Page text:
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🤩 If You Build It, Will They Come?



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Room Service
🤩 If You Build It, Will They Come?
By Late Checkout • Issue #5 • View online
Knock Knock: Room Service is here! This week, we are taking a deeper dive on community-based products and flipping product development on its head.

Communities are the world’s best product managers.
Traditionally, companies have taken the Field of Dreams approach: “if you build it, they will come.” They do research, build and ship a simple version of the product, and market the product to an abstract group of potential customers. Sometimes they will strike gold and find product-market fit, but are often left with a solution looking for a problem. 
A great product without the right users is a product gone to waste. Leading Silicon Valley accelerator Y Combinator‘s famous motto is “make things people want”. Wouldn’t it be better to know what people wanted before you start making things? We think it’s time to flip the approach on its head: 
Bring them together, then build what they need.
This is the essence of community-based products (CBPs), which foster an engaged community to create unique value that otherwise would not exist. Within this broad category, there are two main types of CBPs we see out in the marketplace: one where the community itself is the product, and another where community enhances a product. Let’s take a closer look:
Community-Centric (community is the product)
If you took conversations off of Twitter, what would be left? A platform for 280 character blog posts? Twitter is a great example of a community-centric CBP, because the community itself is the product. Engaging with new ideas, meeting interesting people, and learning from one another is what makes Twitter useful. Without the community aspect, there would be no unique value, and the product would ultimately be a failure. Over the years, Twitter has continued to upgrade its platform based on the needs of the people who use it most. By focusing those efforts on the community who is already engaged with the platform, they have maintained their status as a preeminent global social network.
Following the Clubhouse launch in 2020, it became clear that live social audio was an effective feature to bring people together and spark conversation. All across Twitter, people were singing the praises of this new innovation in social networking. Instead of allowing Twitter users to flee to other platforms, the company listened to their community and built Twitter Spaces. Now, they are able to leverage the existing community on Twitter in new and interesting ways, allowing for innovation with built in demand. This approach to product development benefits both the company and the community of users. It’s a win-win.
Product-Centric (community enhances the product)
Public is a stock trading platform with a community component that allows you to see what your friends and favorite creators are doing in the market. The intersection of stock trading and social networking is the key differentiating factor for Public in a crowded market of trading apps. This combination fosters a community who shares tips, educates one another, and has fun. If you took this all away though, you would still be able to buy and sell stocks on the platform. Because it is a product-centric CBP, the business could still function on its own, but the community enhances the product into the unique platform that it is.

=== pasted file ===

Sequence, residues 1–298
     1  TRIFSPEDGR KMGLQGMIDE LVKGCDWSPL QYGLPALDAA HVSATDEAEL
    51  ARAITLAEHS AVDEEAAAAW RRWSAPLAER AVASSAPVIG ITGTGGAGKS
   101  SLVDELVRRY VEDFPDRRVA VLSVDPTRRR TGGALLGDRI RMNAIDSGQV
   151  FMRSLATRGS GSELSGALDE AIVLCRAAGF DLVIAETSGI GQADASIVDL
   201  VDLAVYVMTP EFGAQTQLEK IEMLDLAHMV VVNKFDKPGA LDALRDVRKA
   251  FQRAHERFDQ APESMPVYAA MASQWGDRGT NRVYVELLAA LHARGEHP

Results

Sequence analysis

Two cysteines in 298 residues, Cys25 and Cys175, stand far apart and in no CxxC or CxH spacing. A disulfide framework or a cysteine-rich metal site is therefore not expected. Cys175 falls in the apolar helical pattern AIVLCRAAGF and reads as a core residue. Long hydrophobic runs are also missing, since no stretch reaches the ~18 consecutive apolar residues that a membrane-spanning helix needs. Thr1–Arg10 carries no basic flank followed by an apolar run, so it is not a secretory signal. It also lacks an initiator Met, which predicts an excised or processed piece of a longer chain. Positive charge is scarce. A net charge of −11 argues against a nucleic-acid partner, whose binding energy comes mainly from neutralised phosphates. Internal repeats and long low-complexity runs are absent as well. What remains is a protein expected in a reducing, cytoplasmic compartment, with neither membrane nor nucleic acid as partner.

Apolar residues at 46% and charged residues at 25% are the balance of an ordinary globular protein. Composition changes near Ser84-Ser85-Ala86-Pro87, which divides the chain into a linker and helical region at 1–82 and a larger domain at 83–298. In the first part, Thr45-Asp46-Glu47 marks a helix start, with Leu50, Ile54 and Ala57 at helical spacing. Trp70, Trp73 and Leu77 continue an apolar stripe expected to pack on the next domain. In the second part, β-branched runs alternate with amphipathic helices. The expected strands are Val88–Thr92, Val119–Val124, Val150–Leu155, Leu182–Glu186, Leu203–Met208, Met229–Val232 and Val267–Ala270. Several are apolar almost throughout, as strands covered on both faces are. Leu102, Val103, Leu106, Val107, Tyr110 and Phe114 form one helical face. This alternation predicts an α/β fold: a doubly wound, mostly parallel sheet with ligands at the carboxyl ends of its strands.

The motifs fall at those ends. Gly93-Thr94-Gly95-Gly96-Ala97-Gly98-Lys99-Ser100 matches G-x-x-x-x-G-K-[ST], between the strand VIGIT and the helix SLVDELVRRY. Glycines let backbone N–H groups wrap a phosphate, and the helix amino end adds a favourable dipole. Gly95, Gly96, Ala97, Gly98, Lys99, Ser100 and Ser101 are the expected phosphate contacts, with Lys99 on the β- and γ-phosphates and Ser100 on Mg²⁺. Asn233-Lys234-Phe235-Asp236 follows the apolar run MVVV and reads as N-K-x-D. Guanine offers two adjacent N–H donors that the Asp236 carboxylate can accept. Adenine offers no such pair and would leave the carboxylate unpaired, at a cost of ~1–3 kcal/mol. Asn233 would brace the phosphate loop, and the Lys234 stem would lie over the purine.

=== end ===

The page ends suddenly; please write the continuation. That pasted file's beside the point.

Robinhood pioneered commission-free trading and user-friendly mobile brokerages, which brought in hoards of young people and first time investors. So how is Public able to compete? Community wins. Investing can be overwhelming for first-timers, and the learning curve can make it difficult to make sound financial decisions. By fostering community on the platform, Public is able to tackle that issue all while facilitating the transactions themselves. With the success they are having, be on the lookout for existing service providers seeking out ways to build community into their offerings, as it is a clear path towards success.
Community is at the core of humanity. Products that integrate community at the outset will lead the way in facilitating social interaction and commerce online. The internet was meant to bring people together, and the products that lean on that fact will win.
Written by Kevin Chaiken with help from the Late Checkout team.
With this focus on community comes strategic and financial costs. In this article, Orbit CEO Patrick Woods makes the case for dedicating resources to a Go-to-Community strategy:
We’ve all seen the hype (and hate) for massive NFT projects like Crypto Punks and Bored Apes. In this article, Daniel Roberts lays out how this trend represents a new paradigm in community building:
DAOs (Decentralized Autonomous Organizations) are leveraging new tools to supercharge what communities are able to achieve. Patrick Rivera gets into the weeds on how this works:
To add to a long list of massive recent validations for Web3, Nike just acquired RTFKT, a digital collectibles studio.
Web3 and the no-code movement are converging, as Gary Vaynerchuk and Mark Cuban lead funding for a development tool called Thirdweb.
Late Checkout CEO, Greg Isenberg, curates a custom job board focused on high-quality positions at community-based companies.
Check out this featured listing from is building the reusable web, create, remix, and launch websites while getting paid and earning credit for your work.
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